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[438] her borders, substituted her own name on all occasions
CHAP. Lxviii} 1776. June.
for that of the king, and gave to her delegates new instructions which left them at liberty to vote respecting independence according to their judgment.

On the fifteenth, the council and assembly of New Hampshire, in reply to a letter from Bartlett and Whipple, their delegates in congress, unanimously voted in favor of ‘declaring the Thirteen United Colonies a free and independent state; and solemnly pledged their faith and honor to support the measure with their lives and fortunes.’

Massachusetts took the opinion of its people in their town meetings; and all that had been heard from declared for independence. The choice of New England was spontaneous and undoubted. Its extended line of seacoast, winding round deep inlets and projecting headlands, and rent with safe and convenient harbors, defied the menaces of a blockade; and except that the harbor of Newport was coveted by the British as a shelter for their fleet, the uninviting ruggedness of its soil and its comparatively compact population gave it a sense of security against the return of the enemy whom they had once effectually driven away.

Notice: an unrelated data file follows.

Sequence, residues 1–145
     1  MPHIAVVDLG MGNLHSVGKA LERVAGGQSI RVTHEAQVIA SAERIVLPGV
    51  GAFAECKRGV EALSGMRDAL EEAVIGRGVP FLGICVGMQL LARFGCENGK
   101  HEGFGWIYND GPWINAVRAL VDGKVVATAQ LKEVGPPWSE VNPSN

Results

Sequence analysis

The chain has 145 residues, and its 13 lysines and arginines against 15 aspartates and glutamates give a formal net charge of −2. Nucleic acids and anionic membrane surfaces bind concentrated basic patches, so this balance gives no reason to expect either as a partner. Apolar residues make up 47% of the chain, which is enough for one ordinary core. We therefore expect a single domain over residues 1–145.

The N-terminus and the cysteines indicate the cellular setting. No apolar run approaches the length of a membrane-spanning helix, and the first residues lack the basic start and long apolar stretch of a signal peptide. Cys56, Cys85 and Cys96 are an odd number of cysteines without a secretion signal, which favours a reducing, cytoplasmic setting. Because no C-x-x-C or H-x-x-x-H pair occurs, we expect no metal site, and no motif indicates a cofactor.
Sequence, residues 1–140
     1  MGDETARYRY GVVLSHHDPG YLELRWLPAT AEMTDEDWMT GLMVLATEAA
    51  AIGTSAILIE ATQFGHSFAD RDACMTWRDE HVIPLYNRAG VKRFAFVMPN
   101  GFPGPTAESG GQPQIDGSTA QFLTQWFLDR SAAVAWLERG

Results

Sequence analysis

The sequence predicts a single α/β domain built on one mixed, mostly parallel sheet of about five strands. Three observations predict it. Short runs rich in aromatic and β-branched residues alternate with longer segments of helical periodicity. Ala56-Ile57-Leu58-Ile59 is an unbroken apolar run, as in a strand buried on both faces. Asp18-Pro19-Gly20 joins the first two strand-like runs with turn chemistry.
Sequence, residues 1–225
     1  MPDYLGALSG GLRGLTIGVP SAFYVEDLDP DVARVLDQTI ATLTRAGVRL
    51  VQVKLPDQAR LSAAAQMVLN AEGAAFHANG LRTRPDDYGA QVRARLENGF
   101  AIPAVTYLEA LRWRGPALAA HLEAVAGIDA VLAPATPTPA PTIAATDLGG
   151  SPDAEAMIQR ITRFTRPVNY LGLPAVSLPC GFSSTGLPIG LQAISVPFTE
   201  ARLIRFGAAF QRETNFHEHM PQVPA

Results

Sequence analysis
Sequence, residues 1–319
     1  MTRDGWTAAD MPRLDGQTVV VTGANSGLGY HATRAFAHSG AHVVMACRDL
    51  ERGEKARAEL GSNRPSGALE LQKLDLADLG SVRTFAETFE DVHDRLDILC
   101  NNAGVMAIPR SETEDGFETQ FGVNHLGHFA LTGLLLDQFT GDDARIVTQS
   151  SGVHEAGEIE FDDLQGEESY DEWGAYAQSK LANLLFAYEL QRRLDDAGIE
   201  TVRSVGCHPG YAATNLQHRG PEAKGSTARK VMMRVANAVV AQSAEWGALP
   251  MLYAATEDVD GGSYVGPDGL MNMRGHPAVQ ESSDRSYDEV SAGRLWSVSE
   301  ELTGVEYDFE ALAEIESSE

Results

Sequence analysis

Far different was the position of New York, which was the first of the large central colonies to mark out

irrevocably her system. Devoted to commerce, she yet possessed but one seaport on the main, and if that great mart should fall into the hands of the British, she must for the indefinite time of its occupation, resign all maritime intercourse with other colonies and with the world. The danger was not vague and distant; it was close at hand, distinctly known, and inevitable.

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